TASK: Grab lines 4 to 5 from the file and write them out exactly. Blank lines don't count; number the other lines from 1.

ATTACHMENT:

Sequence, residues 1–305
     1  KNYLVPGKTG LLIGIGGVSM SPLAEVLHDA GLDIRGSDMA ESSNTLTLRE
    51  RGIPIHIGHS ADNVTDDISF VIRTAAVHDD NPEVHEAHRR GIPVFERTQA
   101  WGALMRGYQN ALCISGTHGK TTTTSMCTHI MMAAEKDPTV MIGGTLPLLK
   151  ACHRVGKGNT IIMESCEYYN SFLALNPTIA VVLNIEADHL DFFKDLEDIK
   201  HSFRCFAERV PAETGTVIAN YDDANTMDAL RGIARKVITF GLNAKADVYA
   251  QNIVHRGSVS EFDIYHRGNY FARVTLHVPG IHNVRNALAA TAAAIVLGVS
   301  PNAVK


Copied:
   101  WGALMRGYQN ALCISGTHGK TTTTSMCTHI MMAAEKDPTV MIGGTLPLLK
   151  ACHRVGKGNT IIMESCEYYN SFLALNPTIA VVLNIEADHL DFFKDLEDIK